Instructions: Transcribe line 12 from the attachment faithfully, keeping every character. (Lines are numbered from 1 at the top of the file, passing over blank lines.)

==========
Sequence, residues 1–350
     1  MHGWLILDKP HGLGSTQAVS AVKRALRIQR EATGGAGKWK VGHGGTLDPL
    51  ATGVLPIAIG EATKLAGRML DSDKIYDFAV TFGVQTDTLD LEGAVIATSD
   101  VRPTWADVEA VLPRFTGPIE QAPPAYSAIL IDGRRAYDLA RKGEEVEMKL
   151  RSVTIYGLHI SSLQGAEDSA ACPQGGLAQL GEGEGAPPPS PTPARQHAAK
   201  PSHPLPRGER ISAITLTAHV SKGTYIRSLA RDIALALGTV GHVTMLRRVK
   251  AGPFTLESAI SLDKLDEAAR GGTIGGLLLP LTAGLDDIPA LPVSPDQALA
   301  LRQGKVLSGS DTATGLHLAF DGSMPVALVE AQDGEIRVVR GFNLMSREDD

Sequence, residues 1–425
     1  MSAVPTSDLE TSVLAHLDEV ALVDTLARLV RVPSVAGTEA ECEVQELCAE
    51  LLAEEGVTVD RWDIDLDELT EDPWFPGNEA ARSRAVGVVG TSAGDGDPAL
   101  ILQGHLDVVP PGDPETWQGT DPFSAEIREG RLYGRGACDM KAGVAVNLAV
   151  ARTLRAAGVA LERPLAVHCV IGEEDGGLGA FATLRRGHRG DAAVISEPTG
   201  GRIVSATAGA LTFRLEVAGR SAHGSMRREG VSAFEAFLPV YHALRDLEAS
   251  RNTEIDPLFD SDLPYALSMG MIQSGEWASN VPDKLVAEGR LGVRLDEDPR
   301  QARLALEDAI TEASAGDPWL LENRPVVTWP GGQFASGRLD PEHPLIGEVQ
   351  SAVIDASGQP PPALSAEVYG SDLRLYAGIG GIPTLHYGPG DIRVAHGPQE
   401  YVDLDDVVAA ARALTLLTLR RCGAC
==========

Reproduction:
   101  ILQGHLDVVP PGDPETWQGT DPFSAEIREG RLYGRGACDM KAGVAVNLAV